Few things are more ubiquitous around the world than clocks. No matter who or where you are, you can almost certainly count on a clock being there. Clocks have undergone many changes over the years, from shadows from sundials to sands slipping through hourglasses to bright LED displays on digital watches. However, the most iconic and enduring designs involve 12 numbers arranged around a circular or rectangular clockface, and a shorter hour hand and longer minute hand pointing at them.
But why is the minute hand always longer than the hour hand?
Why are they called “hands,” anyway?
Minute Versus Hour Hands
The other big difference between hour and minute hands besides size is obviously how often they move. As it turns out, these two factors influence one another. The hour hand moves slower, so there is less need for it to be large, since the time it indicates isn’t going to change as rapidly as that indicated by the minute hand.
Whether it’s 12:00, 12:15, 12:40, or 12:59, the important part there hour-wise remains the same, “12.” The minute indicated, however, keeps changing, and so the hand needs to be large enough that it can be seen and understood at a glance.
By contrast, an hour hand is small and short because it doesn’t need to be seen pointing directly at the hour it indicates since there are only 12 possibilities and each lasts 60 minutes. Realistically, you’re not going to mistake the hour hand pointing at 12 or 6 either, meaning there’s at most only two “real” possibilities the hour hand could be indicating at any moment.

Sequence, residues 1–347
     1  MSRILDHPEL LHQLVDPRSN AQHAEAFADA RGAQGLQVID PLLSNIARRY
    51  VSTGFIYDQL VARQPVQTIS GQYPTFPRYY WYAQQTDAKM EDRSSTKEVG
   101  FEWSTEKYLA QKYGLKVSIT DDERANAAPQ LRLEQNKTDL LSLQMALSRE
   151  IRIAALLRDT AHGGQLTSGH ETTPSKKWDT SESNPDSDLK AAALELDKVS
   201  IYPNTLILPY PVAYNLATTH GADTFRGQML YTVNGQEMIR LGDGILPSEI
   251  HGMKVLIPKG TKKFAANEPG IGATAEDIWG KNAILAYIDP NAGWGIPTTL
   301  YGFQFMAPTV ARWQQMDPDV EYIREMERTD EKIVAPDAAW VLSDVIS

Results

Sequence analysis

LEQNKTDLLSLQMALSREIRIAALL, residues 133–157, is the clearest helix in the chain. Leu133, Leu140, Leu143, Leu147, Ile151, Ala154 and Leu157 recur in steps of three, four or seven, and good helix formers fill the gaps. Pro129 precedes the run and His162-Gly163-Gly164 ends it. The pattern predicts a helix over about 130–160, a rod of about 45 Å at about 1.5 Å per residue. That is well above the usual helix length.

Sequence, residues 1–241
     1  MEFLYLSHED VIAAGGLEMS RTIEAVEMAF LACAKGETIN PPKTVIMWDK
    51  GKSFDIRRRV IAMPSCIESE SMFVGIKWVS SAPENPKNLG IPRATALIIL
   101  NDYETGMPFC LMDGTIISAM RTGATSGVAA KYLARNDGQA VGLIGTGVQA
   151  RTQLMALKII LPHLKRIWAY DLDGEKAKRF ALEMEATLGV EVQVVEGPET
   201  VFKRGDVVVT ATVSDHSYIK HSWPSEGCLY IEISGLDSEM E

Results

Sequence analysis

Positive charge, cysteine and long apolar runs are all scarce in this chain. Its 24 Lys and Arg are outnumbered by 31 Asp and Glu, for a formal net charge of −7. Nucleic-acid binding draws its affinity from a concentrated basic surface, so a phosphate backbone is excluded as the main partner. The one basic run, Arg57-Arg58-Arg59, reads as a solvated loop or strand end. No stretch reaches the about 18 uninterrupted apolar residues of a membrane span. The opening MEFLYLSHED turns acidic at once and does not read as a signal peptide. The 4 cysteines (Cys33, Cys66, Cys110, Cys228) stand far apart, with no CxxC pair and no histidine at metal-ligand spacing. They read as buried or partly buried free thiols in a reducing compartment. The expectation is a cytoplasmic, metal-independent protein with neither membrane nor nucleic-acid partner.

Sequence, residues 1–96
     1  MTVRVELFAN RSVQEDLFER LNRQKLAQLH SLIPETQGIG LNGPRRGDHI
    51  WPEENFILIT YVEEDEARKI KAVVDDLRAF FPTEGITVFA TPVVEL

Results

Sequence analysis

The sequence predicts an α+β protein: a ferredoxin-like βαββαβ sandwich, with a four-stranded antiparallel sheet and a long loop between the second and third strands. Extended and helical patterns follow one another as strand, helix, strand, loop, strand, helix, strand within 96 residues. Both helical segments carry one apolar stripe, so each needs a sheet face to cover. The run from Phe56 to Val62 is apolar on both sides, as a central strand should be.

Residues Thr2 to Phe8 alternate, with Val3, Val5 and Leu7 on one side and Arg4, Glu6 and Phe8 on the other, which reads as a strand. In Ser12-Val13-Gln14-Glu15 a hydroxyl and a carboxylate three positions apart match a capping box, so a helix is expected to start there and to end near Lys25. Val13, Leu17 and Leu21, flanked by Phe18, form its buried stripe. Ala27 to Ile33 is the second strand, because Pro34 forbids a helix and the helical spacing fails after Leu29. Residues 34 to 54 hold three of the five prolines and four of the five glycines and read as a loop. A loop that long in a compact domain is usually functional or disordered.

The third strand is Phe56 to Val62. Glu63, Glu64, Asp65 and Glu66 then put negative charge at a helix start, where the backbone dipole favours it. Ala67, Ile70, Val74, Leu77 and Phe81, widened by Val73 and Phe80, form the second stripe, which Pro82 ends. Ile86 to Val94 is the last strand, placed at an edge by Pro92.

This is presumably also why the second hand is typically even longer and thinner than the minute hand when it is included in a clock. That unit of time is shorter and passes even more quickly than the minute hand, and so needs to be even more obvious.
There is a practical reason for this difference as well. When analog clocks were first introduced centuries ago, they would be physically wound by someone pressing a hand or finger to the minute hand and winding it backward or forward. This is evident in phrases like “move the clocks back.” That word “move” there used to mean actually literally moving the hand of the clock. Making it longer also meant giving more of the hand itself for the finger to move. A shorter minute hand would not only make it blend in more with the hour hand, making them harder to distinguish from one another, but would make it harder for a finger to move it.
Why Are Clock Hands Called Hands?
Speaking of which, we have our fingers to thank for watches being called “hands.” While it is hard to trace the etymology of the terms, “clockfaces” and “hands of a clock” both date back centuries, and likely relate to their likeness to our own face and hands. Your face is circular and eye-level to someone’s gaze, just like a clockface. At the same time, your fingers are used to point at things – including watch hands to tell time, with the hands themselves thus likewise likely being named that way because they point to things.